On Silent Retreat
I’m not on silent retreat. But Havi is. She was also on silent retreat when I was in Portland at Rally. She [verbed] the Rally on silent retreat. And it was ok. In fact it was more than ok, I learned that few questions really need an outside answer. I found all the permission and answers with myself.
Then there is the other way to be on silent retreat. This is a good thing to have handy for all the small vulnerable places that you hope will blossom.
This post though, is about the former.
The first time I was on silent retreat was last year in the teacher training, along with 60 other people. It was my birthday weekend and I didn’t say anything all weekend, except on my birthday I said “I love you” to myself and believed it.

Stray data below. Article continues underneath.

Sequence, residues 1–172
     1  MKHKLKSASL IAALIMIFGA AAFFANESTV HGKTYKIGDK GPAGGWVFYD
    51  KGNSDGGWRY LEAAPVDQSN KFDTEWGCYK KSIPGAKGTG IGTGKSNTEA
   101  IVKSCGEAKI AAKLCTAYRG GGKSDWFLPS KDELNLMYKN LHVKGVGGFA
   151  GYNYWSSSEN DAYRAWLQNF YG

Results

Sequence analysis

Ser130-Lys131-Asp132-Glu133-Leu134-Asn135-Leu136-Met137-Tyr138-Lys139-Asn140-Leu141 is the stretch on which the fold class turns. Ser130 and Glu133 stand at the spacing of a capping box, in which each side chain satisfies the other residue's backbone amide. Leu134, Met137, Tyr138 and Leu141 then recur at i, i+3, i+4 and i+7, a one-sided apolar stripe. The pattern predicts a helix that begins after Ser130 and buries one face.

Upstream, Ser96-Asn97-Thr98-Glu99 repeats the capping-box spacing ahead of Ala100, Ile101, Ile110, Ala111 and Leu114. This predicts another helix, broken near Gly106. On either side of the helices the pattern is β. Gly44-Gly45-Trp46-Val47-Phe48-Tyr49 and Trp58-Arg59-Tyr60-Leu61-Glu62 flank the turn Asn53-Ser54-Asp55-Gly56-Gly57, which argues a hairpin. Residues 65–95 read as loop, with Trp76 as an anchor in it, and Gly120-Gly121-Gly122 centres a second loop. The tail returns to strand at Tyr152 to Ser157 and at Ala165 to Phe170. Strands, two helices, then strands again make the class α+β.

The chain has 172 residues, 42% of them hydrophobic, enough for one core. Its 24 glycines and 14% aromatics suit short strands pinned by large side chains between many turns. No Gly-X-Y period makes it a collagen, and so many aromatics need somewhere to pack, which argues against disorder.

The second time I was on silent retreat was this year and I was the only one. Everyone thought it weird. It was ok though, there were some jokes and uncomfortable silences, some provocation, some sighs. We giggled and I wrote little notes. And then someone shocked me out of it, by a knock on a door and a demand, I lost the center of my attention, but somehow this was ok too.
I learned that you can still be funny if you are on silent retreat and laugh at all the jokes.
That you can still connect with other people, you find other ways to connect than mindless chatter and gossip.
You ask yourself, what really needs to be said, because it better be important if I’m going to laboriously write it out on a post-it note.
You notice at first all the gossip and chatter in your head. And then slowly that quiets down too.
Turns out that when you don’t say much, you find the important things much easier to say.
Turns out, not much needs to be said to be understood.